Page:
The International Archives of the Photogrammetry, Remote Sensing and Spatial Information Sciences
Publications Copernicus
Articles | Volume XLIII-B1-2022
Int. Arch. Photogramm. Remote Sens. Spatial Inf. Sci., XLIII-B1-2022, 293–300, 2022
Int. Arch. Photogramm. Remote Sens. Spatial Inf. Sci., XLIII-B1-2022, 293–300, 2022
30 May 2022
30 May 2022


I. Yalcin1,2, G. Karakas1,3, S. Kocaman3,4, S. Saunier5, and C. Albinet6 I. Yalcin et al.
  • 1Hacettepe University, Graduate School of Science and Engineering, Beytepe, Ankara, Turkey
  • 2Hacettepe University, Baskent OSB Technical Sciences Vocational School, 06909 Sincan Ankara, Turkey
  • 3Hacettepe University, Department of Geomatics Engineering, 06800 Beytepe Ankara, Turkey
  • 4ETH Zurich, Institute of Geodesy and Photogrammetry, 8093 Zurich, Switzerland
  • 5Telespazio France, 26 Avenue Jean François Champollion, 31100 Toulouse, France
  • 6European Space Agency, ESRIN, Via Galileo Galilei, 1, 00044 Frascati RM, Italy

Keywords: Image Classification, MAXAR HD, Land Use/Land Cover, Random Forest, Support Vector Machine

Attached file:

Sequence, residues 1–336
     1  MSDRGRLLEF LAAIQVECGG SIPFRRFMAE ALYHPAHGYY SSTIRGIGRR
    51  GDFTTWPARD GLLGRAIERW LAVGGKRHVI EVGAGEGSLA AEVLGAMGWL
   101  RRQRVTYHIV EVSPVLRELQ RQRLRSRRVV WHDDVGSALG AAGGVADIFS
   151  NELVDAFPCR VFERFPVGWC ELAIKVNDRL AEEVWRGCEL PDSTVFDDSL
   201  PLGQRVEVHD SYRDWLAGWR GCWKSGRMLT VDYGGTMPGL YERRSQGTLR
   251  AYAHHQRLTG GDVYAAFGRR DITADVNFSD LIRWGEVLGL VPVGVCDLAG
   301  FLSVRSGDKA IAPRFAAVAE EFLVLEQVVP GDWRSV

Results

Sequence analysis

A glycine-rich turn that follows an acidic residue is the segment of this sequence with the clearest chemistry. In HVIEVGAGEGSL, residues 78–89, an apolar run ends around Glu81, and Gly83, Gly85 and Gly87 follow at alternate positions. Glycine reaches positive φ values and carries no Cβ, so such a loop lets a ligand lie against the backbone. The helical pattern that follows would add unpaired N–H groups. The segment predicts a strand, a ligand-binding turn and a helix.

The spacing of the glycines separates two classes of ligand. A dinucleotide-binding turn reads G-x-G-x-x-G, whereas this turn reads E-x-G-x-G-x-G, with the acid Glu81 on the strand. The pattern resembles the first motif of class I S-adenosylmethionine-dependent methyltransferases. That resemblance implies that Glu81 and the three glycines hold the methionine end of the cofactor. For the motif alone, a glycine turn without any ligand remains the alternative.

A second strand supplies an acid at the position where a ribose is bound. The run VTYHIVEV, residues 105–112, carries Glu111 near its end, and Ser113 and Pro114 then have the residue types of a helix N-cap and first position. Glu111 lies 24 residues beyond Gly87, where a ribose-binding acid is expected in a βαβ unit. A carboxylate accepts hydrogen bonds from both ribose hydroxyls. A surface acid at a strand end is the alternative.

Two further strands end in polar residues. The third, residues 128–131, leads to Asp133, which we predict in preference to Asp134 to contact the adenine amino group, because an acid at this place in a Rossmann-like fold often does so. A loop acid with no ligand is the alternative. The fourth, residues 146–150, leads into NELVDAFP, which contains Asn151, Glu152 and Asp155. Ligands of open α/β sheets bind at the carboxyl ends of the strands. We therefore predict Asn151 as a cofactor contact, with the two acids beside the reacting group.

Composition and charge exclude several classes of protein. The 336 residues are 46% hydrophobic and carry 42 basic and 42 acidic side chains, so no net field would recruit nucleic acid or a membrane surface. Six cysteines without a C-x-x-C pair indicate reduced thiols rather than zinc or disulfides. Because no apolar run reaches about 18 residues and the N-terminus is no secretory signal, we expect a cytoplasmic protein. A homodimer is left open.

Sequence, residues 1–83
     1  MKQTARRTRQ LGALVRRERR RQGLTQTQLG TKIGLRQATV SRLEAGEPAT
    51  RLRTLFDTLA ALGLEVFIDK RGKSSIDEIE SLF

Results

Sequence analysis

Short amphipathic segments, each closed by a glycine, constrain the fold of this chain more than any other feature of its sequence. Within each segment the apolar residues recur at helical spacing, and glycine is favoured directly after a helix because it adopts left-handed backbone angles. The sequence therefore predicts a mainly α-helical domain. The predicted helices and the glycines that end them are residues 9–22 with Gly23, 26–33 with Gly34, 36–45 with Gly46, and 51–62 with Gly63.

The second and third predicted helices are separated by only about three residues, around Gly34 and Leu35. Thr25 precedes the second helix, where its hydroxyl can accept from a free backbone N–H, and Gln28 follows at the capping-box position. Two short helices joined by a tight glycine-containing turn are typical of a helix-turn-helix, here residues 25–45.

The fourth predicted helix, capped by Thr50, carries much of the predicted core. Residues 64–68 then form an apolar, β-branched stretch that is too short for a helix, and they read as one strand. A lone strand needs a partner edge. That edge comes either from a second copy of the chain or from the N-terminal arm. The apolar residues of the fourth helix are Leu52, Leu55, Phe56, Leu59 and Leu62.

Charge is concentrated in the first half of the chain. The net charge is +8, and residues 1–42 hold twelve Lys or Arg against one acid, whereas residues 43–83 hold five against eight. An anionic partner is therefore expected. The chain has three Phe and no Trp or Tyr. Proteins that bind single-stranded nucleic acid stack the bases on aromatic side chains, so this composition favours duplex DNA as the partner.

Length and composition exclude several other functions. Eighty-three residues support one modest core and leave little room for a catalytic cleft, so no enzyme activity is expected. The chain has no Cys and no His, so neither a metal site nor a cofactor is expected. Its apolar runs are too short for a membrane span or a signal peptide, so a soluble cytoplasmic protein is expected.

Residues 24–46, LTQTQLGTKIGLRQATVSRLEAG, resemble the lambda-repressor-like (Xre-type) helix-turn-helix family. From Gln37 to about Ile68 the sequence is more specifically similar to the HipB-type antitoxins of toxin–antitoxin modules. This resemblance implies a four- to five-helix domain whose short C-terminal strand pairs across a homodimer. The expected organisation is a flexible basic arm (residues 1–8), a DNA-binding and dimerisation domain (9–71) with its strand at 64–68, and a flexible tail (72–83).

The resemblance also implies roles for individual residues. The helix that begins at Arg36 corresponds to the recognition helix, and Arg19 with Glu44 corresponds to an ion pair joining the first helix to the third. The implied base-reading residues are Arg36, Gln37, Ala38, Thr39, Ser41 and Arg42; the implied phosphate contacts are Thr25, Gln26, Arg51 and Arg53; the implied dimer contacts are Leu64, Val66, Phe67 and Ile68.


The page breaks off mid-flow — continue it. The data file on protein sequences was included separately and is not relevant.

Abstract. The requirement of automated Land Use/Land Cover (LULC) classification has arisen in ecosystem related applications, such as natural hazard assessments, urban and rural area planning, natural resource management, etc. The data source and the classification method used in the production of LULC maps depend on the study area size and the location, and also determined by taking the time and cost into account. Recently, MAXAR Technologies announced a new product, High Definition (HD) with 15 cm resolution, which is obtained by post-processing of images with 30 cm Ground Sampling Distance (GSD). The post-processing employs machine learning methods. On the other side, the effect of HD processing on the image quality, and the usability of such products in various applications are still needed to be investigated. In this study, the influence of HD processing algorithm on LULC classification results was investigated by using 15 cm HD and 30 cm resolution images provided by MAXAR. By using the Random Forest (RF) and Support Vector Machine (SVM) methods in two different study areas, image classification was performed to detect water, vegetation, asphalt road, building, shadow, agriculture and barren land classes. The results show that in HD products, the edges of objects were sharper, whereas the classification noise was higher inside agricultural fields. Considering the overall results, it can be concluded that with the use of HD products in urban areas, improved LULC maps can be obtained.